The Place Beyond the Pines: a trilogy of stories surrounding a cop, a robber, and their kids. Firstly, the casting director should be put down; nobody here is doing anything new. Gosling (complete with gratuitous torso shot) is a lovable-but-flawed boyfriend, Cooper is a smart and ambitious over-achever, DeHaan as a creepy weirdo kid and Liotta as a bent cop, Mendelsohn as a petty low-life criminal – fuck me sideways, it’s like a cast made of characters from other films. While the three plot threads are connected, they are more akin to three completely separate stories. It has a painfully Indie/Arthouse slant to it; this means it’s OK to have excruciatingly long cuts of people riding bikes and cars down roads, and to casually drop in to the lives of ‘everyday people’. And once the ’15 years later’ title appears you know exactly where this is heading, so to take another 40 minutes feels rather greedy. More generally, it’s also hard keeping up with where you are on a timeline – sure, it’s chronological but one scene will jump a day, others weeks, some months with no indication. Over the 17 or so years all we as the audience get is all of the melodrama – in a film that is nothing like the bank-job / heist / action film the trailer suggests. I genuinely don’t understand the hype surrounding director Derek Cianfrance, but he got one thing right – calling this ‘The Place Beyond the Pines’ – which tells you everything you need to know about it – too long, very vague, and painstaikingly tedious. By the last act, it felt more like the NeverEnding Story.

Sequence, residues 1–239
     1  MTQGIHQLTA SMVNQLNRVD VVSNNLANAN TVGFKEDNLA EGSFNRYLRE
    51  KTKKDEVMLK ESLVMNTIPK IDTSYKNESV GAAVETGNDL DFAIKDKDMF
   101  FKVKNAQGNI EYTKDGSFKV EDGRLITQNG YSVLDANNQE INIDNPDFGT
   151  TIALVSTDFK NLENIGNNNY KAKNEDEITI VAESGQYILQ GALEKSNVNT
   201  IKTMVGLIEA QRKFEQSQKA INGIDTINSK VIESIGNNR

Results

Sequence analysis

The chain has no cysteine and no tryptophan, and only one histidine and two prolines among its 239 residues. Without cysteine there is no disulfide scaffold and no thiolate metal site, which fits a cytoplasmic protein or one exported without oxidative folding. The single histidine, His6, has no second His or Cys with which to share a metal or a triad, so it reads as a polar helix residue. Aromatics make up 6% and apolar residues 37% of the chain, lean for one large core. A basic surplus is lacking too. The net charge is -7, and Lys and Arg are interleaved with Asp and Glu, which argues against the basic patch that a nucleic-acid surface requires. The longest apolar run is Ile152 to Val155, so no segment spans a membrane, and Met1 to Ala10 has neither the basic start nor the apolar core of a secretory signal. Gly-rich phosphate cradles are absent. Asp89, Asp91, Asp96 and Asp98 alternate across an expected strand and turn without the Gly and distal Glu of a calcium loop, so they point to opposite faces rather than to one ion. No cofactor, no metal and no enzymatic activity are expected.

2 Fast 2 Furious: the LAPD finally catches up with the rogue detective from Fast and the Furious – and immediately put him on an identical car-based infiltration mission. So to keep it true to the first film there’s loads of amazing cars being trashed all over the shop, lots of cool ‘threading through traffic’ race scenes, and lots of close-ups of drivers shouting “AH HAAAA!” having just rammed / overtaken / out-driven someone. Again, some parts feel like techno music videos, other like they’re about to become 2-hot for TV spring-break videos. The story however feels quite vapid and familiar when held up against the first movie: very light on plot and dangerously close to ‘remake’ territory. There’s some bad ‘scarface’/’miami’ accents, and a couple of comically bad Bond-esque henchmen. Whereas the first film was more of a heist-thriller, this feels more like the overly-familiar cop/buddy films. There’s definitely a magic ingredient missing from the first film, perhaps it’s that without Vin Diesel ( who was doing xXx), this film feels like it’s running on an unleaded engine.
The Other Guys: when New York’s most badass detectives come to an untimely end, two unlikely schmucks try to step up and fill the gap. Didn’t expect much from this one but was pleasantly surprised by how funny the film was, with Wahlberg and Ferrell both flexing their comedic muscles with ease. The script and scenarios do a great job of mocking every buddy-cop-film scenario you could think of; and there’s a few amazing running gags about Ferrell’s past and Keaton‘s chief detective unknowingly quoting TLC songs. Story-wise, it follows the classic up-down-up relationship you see in these movies, but it loses its way a little by the end when the jokes thin out and the story needs a-wrappin’ up. Didn’t really understand the random narration from Ice-T, and despite the film being entertaining enough the infographic credits were one of the most interesting parts of the film! The Other Guys isn’t a masterpiece by any stretch but it’s absolutely carried by all of the jokes – especially the delivery by Will and Marky – which make it funnier and more quotable than your average buddy cop comedy.